Robert recalled the time when the elder Zachariah greeted him at the door when he came to see Eliza. Zahcaria was a tall man with broad shoulders and strong hands. His stoic visage was covered by a long bear and mustache. Anyone rarely saw him smile, as he felt he always delivered bad news.

“Hallo, son,” the elder Zachariah with his usual somber expression, “it’s best you went home, your family needs you. I know you came to see Eliza, but not today.”

Robert could not understand what Zachariah meant, but did as he was told, as Robert didn’t ever question the father. When he did, he found his father had just gotten home for a quick lunch before returning to work. His mother had lunch read for them, and cheerfully greeted them when they entered. She normally helped Robert’s father attend their shop, but his brother had been sick with a fever. She had gone to check on him and his father had began eating his lunch when minutes later his mother came running in, telling the father to go get the doctor.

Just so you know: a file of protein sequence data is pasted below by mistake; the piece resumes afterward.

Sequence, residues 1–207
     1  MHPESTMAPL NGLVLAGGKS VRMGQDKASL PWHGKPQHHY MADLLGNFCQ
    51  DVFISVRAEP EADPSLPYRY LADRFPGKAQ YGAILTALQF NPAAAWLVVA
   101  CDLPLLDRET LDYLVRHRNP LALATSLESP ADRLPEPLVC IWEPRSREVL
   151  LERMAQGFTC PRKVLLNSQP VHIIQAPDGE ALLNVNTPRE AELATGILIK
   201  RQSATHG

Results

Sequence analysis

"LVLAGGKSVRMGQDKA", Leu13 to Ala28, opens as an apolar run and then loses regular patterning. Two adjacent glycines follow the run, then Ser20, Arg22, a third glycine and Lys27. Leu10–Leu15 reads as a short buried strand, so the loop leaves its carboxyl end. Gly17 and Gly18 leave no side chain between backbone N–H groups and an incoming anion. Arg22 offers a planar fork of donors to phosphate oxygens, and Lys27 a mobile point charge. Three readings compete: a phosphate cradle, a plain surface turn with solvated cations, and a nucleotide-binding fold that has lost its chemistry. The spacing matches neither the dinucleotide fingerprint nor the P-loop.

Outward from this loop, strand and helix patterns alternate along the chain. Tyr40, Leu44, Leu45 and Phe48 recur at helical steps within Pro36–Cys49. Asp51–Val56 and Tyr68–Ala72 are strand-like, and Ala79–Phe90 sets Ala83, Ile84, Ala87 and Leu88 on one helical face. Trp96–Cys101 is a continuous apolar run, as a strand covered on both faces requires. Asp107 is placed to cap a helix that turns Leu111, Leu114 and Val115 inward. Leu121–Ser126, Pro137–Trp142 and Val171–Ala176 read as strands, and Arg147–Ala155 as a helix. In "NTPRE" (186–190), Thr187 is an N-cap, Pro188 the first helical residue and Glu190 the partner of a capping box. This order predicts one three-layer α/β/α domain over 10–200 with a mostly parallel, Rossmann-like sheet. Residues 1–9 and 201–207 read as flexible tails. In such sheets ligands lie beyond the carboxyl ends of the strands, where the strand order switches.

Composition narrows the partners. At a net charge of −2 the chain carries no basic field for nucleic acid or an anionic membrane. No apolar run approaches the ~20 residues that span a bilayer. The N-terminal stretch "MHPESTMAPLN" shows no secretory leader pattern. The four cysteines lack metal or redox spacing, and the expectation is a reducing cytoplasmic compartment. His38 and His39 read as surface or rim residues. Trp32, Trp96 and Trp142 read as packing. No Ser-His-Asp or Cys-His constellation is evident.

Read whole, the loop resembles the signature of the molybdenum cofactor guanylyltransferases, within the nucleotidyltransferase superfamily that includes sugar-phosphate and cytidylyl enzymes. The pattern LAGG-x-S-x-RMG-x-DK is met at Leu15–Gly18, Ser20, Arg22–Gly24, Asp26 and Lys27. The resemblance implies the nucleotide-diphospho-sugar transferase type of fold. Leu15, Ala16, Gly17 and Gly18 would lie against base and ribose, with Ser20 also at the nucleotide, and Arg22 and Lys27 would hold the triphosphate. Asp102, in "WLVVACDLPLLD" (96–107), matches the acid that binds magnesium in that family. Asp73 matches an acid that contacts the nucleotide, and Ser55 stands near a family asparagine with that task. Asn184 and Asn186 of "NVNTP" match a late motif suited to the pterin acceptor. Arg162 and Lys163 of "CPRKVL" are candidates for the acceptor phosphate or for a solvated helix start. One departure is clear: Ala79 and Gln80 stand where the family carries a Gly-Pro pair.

That day, his world had been turned upside down. Robert and his father waited outside his brother’s room, while his mother was inside the room with the doctor. They heard his mother scream from within the closed room. The door opened and a younger Dr. Verwoerd walked out, shaking his head solemnly towards Robert’s father who had rushed inside to weep along side his wife. Robert exchanged glances with Dr. Verwoerd and without words, Robert realized his sickly younger brother had passed away. It wasn’t until then when he realized what Zacharia meant. Robert wept where he stood.

Days later, his parent’s held his brother’s funeral, everyone in town showed up, even Zacharia as he stood in back. His brother’s death had been unexpected. This was why people feared him. He, alone knew, the hour and the day of someone’s death.

Robert warily passed by Eliza’s house in sadness as if he mourned his dead brother. She was very much alive, but she wasn’t the Eliza he known once. It had been four years since he had seen his friend, but it felt like ten thousand years.